Emotion and intergroup interactions


Retrieved from http://organisationdevelopment.org/tag/intergroup-conflict/.

In previous posts I have explored concepts involved in the way that emotions influence a discrete instance of person perception. In this final post I’ll explore the causes and effects that emotions have in real-time interactions. The literature I’ll review specifically investigates the ways in which emotion influences the way a perceiver reacts to people who belong to a different socially constructed group.

Outgroup members engender a threat response in the perceier

Researchers examined the hypothesis that perceivers interacting with socially devalued members would exhibit a greater threat response and poorer performance on a cooperative task (W. B. Mendes, Blascovich, Lickel, & Hunter, 2002). They brought White and Hispanic participants into the lab and assigned them to work with a partner who was actually a confederate of the study. To manipulate social value, researchers manipulated the confederates’ background in two ways: race (Black or White) and socioeconomic status (SES; low or high). There were three phases of the experiment intended to mimic an encounter with a stranger. In the first phase, the participant and the confederate shared background information about themselves. In the second stage the participant was assigned to give a speech for the confederate about working as a member of a team. In the final stage the participant and confederate collaborated to complete a word-finding task, much like the game Boggle.

Throughout these interactions, researchers collected cardiovascular (CV) data from the participant. Researchers examined the participants’ motivational state throughout the interaction via their CV data. They were particularly interested in whether participants exhibited a challenge or a threat response, as characterized by a specific CV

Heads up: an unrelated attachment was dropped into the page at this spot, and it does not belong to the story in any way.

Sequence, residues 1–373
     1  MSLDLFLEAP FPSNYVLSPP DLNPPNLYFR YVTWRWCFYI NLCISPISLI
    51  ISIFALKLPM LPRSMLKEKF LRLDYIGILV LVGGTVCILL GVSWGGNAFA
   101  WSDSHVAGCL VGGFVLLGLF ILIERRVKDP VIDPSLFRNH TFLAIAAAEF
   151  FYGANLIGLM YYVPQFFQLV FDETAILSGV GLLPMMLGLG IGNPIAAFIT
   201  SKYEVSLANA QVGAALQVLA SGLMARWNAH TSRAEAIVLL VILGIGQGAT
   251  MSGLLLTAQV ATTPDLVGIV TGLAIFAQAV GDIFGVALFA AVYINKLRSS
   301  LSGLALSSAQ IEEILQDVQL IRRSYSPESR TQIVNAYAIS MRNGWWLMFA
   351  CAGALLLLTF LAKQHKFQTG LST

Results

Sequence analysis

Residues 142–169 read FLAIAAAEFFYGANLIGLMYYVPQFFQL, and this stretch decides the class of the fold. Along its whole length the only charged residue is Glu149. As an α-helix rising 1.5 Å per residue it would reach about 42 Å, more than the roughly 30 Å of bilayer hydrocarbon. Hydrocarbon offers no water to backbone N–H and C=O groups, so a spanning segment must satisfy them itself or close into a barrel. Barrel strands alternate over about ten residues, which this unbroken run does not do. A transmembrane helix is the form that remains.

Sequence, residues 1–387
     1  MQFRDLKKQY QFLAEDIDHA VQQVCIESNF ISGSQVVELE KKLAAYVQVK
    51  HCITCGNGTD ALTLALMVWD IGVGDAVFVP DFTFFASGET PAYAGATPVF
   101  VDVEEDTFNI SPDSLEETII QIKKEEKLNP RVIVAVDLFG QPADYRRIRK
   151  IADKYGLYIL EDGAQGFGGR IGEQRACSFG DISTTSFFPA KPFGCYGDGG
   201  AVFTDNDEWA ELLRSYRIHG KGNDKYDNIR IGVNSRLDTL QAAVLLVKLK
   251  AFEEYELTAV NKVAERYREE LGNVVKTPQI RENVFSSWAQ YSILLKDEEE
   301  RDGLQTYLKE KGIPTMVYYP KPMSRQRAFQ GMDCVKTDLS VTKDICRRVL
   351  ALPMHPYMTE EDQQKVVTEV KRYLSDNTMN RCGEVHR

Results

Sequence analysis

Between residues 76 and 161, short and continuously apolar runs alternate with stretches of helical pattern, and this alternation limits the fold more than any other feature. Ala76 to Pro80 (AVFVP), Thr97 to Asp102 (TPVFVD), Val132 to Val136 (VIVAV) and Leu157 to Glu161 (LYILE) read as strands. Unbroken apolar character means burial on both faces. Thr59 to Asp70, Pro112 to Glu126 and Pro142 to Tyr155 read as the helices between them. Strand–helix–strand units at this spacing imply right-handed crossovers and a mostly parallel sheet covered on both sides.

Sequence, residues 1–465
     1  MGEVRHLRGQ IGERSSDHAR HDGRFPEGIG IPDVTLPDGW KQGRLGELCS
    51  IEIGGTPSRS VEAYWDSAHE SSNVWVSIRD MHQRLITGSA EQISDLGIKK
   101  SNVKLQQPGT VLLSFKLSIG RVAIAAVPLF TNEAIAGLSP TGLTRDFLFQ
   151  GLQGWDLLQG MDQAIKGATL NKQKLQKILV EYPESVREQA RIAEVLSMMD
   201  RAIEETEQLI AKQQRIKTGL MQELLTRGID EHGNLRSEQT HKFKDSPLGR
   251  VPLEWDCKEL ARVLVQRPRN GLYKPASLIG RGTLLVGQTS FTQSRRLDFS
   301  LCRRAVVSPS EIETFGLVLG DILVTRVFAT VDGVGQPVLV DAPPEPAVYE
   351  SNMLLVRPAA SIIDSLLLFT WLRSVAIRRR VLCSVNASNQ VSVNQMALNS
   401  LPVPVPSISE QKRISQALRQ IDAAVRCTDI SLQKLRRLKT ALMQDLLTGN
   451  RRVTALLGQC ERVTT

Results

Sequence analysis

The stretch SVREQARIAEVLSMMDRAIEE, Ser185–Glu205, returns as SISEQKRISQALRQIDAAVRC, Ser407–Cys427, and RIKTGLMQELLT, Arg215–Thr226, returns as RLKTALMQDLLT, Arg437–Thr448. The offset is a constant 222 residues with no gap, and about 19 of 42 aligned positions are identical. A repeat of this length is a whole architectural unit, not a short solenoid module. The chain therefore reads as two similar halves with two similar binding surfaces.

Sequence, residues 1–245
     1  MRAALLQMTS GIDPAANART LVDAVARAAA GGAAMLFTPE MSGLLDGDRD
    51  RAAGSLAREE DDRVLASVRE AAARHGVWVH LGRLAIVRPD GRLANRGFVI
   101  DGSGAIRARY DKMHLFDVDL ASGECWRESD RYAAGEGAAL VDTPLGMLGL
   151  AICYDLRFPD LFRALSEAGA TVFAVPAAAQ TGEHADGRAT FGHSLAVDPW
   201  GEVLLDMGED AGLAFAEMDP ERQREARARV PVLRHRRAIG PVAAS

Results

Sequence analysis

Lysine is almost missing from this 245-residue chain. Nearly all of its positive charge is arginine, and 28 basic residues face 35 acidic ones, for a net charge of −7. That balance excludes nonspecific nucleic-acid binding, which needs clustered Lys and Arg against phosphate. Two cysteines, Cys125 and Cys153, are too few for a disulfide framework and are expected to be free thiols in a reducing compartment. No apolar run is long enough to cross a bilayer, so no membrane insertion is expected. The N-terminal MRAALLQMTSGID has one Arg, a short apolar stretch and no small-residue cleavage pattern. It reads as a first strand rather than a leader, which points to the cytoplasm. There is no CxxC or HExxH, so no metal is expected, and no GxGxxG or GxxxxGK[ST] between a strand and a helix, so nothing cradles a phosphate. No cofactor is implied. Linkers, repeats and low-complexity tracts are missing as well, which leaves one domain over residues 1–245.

Predicted responses to stressors, from Mendes et. al., (2008).

Predicted responses to stressors, from Mendes et. al., (2008).

responses (see table on left). A challenge response is an approach-oriented motivational state, characterized by increased cardiac output (CO), increased ventricular contractibility (VC), decreased total peripheral resistance (TRP) and increased heart rate (HR). A challenge state would likely increase a participant’s performance on a task. While similar to a challenge response in some ways, a threat response is uniquely characterized by no change in CO, and an increase in TRP. Furthermore, participants experiencing a threat response would be expected to perform worse on a task.

Researchers expected that when participants were interacting with a socially devalued confederate (e.g., Black or low SES) they would exhibit a threat response. Conversely, they expected that when participants were interacting with a socially valued confederate (e.g., White or high SES) they would exhibit a challenge response. The results confirmed their predictions: in phases 2 and 3, participants exhibited CV responses consistent with a threat response when interacting with a Black and/or low-SES (compared to a White or high-SES) confederate.

Using a similar paradigm, researchers also examined whether the racial outgroup status of an interaction partner would influence participants’ motivational responses to social rejection (Wendy Berry Mendes, Major, McCoy, & Blascovich, 2008). White and Black participants where assigned to work with a confederate who was a member of their racial outgroup or ingroup. The participant was instructed to give a short speech about why he or she makes a good friend. Following that speech, the participant received either positive or negative (fake) feedback from the confederate. Throughout the task, researchers collected CV data to determine participants’ motivational states (challenge or threat) throughout the interactions. The results demonstrated that when participants received negative feedback from an ingroup member they exhibited CV responses consistent with threat (lower CO and higher TRP). Conversely, when a participant received negative output from a racial outgroup member they exhibited a CV response consistent with an anger response.